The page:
- The development of index had been possible with active voluntary support and guidance from Ms. Amita Joseph (Business and Community Foundation), Mr. Amitabh Behar (National Foundation for India), Ms.Annie Namala (Centre for Social Equity & Inclusion), Ms. Archana Shukla Mukherjee (Change Alliance), Mr. Ashok Bharti (National Confederation of dalit Organisations), Mr. John Suresh Kumar (Change Alliance), Mr. Paul Divakar (National Campaign for Dalit Human Rights), Mr. Sanjay Kumar (Centre for Responsible Business), Mr. Subhash Mittal, (Socio Research & Reform Foundation),Mr. Viraf Mehta (Convenor, Human Rights and Business Group; Member of NVG drafting Committee).
Understanding the IRBF Index
After the role, the context and the need for the IRBF index were established, its genesis, the methodology used to develop it and its findings were explained by Mr. Namit Agarwal, Private
Sector Advisor, Oxfam India and Mr. Dheeraj from raxis, a member of the index’s principal research team.
- Disclosure is essential for the successful realisation of the NVGs and aim to improve public understanding of corporate activities, policies and performance on development issues. Voluntary disclosure of information is an
encouraging first step towards corporate responsibility. The Business Responsibility Reports required under SEBI’s 2012 mandate are an important tool for this.
- The idea of developing the IRBF Index emerged from the absence of any benchmarking and ranking system for corporate’s adherence to NVGs. The index aims to encourage companies to disclose more information and encourage companies
to make policies on those issues that respect the intent of the NVGs.
- One of the important components in the first phase of its development was to analyse the companies’ disclosure on its commitment to engage, sustain and strengthen its engagement with various stakeholders such as workforce and community. The BRR reporting format requires companies to report on aspects of policy commitment, mechanisms that are in place to address the issue of discrimination of marginalised and vulnerable groups at workplace, across the supply chain and includes mandated disclosure on how the companies are
directly engaging with community in interventions that directly impact their lives.
- CRW analysed the policies which companies had put in the public domain in adherence to NVG principles, based on a key question on disclosure within the BRR format. It asks “whether the company discloses policies related to each principle of NVG on their website”. Most companies have responded to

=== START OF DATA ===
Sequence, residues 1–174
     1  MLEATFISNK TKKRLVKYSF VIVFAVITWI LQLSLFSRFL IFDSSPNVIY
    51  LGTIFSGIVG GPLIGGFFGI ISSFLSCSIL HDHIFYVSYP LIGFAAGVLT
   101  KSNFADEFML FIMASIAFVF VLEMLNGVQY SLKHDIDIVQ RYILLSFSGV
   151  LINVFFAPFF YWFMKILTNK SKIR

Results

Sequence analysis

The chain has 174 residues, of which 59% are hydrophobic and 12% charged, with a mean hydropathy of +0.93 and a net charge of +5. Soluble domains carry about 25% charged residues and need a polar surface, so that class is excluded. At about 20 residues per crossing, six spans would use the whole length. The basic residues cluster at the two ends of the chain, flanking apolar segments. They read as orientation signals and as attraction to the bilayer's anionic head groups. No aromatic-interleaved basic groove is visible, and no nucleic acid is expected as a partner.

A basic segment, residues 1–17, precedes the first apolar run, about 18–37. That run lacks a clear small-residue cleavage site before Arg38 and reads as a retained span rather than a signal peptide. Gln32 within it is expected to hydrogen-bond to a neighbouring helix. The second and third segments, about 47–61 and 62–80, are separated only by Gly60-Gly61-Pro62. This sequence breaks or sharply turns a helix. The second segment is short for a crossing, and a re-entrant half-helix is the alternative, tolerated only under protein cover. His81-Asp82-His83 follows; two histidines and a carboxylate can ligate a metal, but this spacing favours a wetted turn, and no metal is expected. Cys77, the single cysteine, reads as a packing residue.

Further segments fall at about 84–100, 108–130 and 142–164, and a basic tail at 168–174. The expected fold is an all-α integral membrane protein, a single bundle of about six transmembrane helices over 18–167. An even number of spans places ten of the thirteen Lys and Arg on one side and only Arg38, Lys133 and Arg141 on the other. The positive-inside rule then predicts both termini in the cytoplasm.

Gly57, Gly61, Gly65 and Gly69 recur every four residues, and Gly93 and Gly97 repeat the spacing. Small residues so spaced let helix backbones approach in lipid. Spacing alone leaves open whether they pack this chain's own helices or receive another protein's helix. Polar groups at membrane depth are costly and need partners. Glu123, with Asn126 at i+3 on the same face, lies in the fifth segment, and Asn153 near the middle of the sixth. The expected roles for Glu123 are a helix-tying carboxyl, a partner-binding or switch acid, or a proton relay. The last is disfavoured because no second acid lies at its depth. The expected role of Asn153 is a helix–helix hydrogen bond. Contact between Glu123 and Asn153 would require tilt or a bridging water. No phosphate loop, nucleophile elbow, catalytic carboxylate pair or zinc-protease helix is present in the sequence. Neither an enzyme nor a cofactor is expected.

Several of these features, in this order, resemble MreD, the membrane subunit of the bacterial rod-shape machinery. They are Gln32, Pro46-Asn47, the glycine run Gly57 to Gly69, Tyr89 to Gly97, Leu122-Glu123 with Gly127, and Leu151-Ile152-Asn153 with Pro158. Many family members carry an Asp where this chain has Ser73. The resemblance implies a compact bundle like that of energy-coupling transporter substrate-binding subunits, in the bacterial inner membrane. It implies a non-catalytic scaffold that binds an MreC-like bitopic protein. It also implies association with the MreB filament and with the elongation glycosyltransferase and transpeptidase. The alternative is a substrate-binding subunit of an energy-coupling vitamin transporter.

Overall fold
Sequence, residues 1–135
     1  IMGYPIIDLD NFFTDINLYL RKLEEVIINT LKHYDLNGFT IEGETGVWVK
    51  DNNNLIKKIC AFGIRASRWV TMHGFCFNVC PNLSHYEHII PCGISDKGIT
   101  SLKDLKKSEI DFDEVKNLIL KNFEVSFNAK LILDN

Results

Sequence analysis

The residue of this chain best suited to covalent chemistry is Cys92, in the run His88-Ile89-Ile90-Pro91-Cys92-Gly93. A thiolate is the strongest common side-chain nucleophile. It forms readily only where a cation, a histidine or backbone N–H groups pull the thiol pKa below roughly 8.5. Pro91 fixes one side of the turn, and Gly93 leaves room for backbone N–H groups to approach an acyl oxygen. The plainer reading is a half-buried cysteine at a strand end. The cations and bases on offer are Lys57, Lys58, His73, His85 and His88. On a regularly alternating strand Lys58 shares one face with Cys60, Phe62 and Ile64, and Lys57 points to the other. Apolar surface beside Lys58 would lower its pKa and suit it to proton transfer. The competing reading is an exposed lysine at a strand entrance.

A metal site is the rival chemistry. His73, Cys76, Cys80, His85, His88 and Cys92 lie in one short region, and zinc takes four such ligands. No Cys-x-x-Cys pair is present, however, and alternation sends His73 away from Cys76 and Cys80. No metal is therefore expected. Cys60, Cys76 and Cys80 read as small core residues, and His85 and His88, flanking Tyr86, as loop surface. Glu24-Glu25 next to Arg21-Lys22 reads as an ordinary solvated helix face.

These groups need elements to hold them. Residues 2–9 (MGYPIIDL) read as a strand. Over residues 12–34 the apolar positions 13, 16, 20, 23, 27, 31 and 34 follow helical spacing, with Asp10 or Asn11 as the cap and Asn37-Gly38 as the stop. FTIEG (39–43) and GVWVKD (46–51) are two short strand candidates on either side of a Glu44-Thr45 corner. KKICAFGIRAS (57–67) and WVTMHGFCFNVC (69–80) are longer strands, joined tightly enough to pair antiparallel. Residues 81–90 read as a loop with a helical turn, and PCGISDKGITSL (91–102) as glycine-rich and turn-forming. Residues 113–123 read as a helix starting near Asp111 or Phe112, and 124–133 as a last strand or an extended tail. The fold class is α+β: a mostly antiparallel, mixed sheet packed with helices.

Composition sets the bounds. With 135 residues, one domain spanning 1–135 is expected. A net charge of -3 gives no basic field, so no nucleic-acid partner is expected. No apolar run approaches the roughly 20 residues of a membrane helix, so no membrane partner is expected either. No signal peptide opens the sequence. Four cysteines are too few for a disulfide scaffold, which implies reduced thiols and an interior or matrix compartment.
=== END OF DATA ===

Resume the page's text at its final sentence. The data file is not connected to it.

this question in the affirmative. The Companies’ responses, which convey their eagerness to be transparent about their policies led to developing this IRBF Index in order to effectively measure and monitor compliance.
- This edition of the index focuses on inclusion. This means that it looks at people as a bottom line, in recognition of their presence and interests in the multiple contexts in which companies operate: in the workspace, in the supply chain and in local communities. Thematic organisation of inclusion in
the index is across five elements - respecting employee dignity, non-discrimination at the workplace, community development, inclusive supply chain and community as business stakeholder.
- Data from Business Responsibility Reports, Annual reports, Sustainability Reports and Corporate Social Responsibility Reports all available in the public domain were used for the purpose of the analysis. While media reports,
Comptroller and Auditor General reports and court cases were referred to, they were not used for indexation.
- The index measures publicly stated policy commitment, and does not in itself measure practice or compliance with policies.
- The data across the five elements are analysed and within each element, companies given a score between 0 and 1. These have been presented as four
bands of low (scores between 0.00 and 0.25), average (scores between 0.26 and 0.50), above average (scores between 0.51 and 0.75) and high (scores between 0.76 and 1.00).
- The findings show that the SEBI mandate and the BRR framework have encouraged corporates to be diligent about disclosure. All of the surveyed companies have at least some level of disclosure of inclusion-related policies on their websites.
- PSUs emerge as showing stronger policy alignment with NVGs than the private sector companies. Despite comprising less than one third (29) of the top 100 companies, PSUs
make up for almost one half of the top 10 positions across the five elements, and are the top companies in 4 of the 5 elements including community as business stakeholder, nondiscrimination,
employee wellbeing and community development.
- However, some of the private companies are consistently on top for many of the elements.
- Companies seemed to be relatively highly invested in community development, and reasonably committed to employee dignity and certain forms of non-discrimination of the
workplace. However, the understanding of the concept is found wanting and needs to be expanded to see communities more than mere beneficiaries.